Here’s a tau twist that may take some adapting to. CD4+ and CD8+ T cells, yes, those mercurial executioners of the immune system, may be responsible for the neurodegeneration seen in Alzheimer’s disease and other tauopathies. That’s the scenario outlined by David Holtzman, Washington University, St. Louis, and colleagues in Nature on March 8. The scientists report that, in mice, microglia summon T cells into the brain and, perhaps by presenting antigens to them, kick them into overdrive. The cellular communication still needs to be deciphered. Even so, eliminating the T cells, or the microglia, forestalled neurodegeneration in tauopathy mice, though not in models of amyloidosis. Neuropathology data also suggest that T cells could provoke neurodegeneration in people who have AD.
  • In an ApoE4/tau transgenic mouse model, T cells enter the brain.
  • Some have clonally expanded in response to antigen.
  • Removing these T cells averts neurodegeneration, brain atrophy.
  • Does this mean Alzheimer’s is an autoimmune disease?
All told, the findings suggest that in the ApoE4 tauopathy model, T cells are being recruited to and activated in the brain, and could damage neurons. What causes this to happen is unknown, but existing hints point to microglia. For CD4+ and CD8+ T cells, activation typically begins when they interact with MHC class II and MHC class I antigen-presenting cells, respectively. This happens in lymph nodes. “Even in autoimmune diseases of the central nervous system, such as multiple sclerosis, antigen activation occurs outside the brain,” noted Holtzman.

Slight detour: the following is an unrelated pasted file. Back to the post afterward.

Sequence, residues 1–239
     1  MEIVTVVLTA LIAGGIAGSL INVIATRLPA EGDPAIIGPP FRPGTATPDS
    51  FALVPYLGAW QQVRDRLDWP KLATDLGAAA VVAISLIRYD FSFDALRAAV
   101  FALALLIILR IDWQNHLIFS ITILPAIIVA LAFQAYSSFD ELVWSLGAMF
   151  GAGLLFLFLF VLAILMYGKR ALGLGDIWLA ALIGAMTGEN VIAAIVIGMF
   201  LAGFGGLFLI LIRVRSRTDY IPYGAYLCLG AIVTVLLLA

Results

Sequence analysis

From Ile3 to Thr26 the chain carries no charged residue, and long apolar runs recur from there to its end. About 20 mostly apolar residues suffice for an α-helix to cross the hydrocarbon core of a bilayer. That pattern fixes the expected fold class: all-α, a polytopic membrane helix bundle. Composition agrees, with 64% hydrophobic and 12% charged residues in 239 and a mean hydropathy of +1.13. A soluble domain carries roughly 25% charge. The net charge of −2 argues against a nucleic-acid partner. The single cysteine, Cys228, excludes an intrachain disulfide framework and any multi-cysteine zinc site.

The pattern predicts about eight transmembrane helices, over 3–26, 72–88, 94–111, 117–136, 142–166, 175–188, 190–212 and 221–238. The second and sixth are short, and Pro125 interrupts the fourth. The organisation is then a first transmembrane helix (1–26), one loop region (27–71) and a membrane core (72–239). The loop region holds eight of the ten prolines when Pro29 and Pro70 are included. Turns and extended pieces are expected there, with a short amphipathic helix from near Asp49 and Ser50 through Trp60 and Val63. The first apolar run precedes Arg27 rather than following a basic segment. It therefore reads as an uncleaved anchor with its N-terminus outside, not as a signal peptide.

https://www.alzforum.org/news/research- ... ts-t-cells
https://pubmed.ncbi.nlm.nih.gov/36890231/
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Re: Neurodegeneration—It’s Not the Tangles, It’s the T Cells

Post by TLS »

Thank you! I will remember to add quotes next time.
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Re: Neurodegeneration—It’s Not the Tangles, It’s the T Cells

Post by JNB »

Hi,
I came across this article as well and it immediately got my attention. And I think it deserves more views.
Why APOE4 in Tsimane is cognitively protective!
70% of Tsimane have parasites, here is the study showing some evidence that the more parasitic worms APOE4 has the batter cognition outcome (in multiple tests). Worms activity was measured as a hallmark of eosinophilia count.
e4ts.jpg
How do worms affect the immune system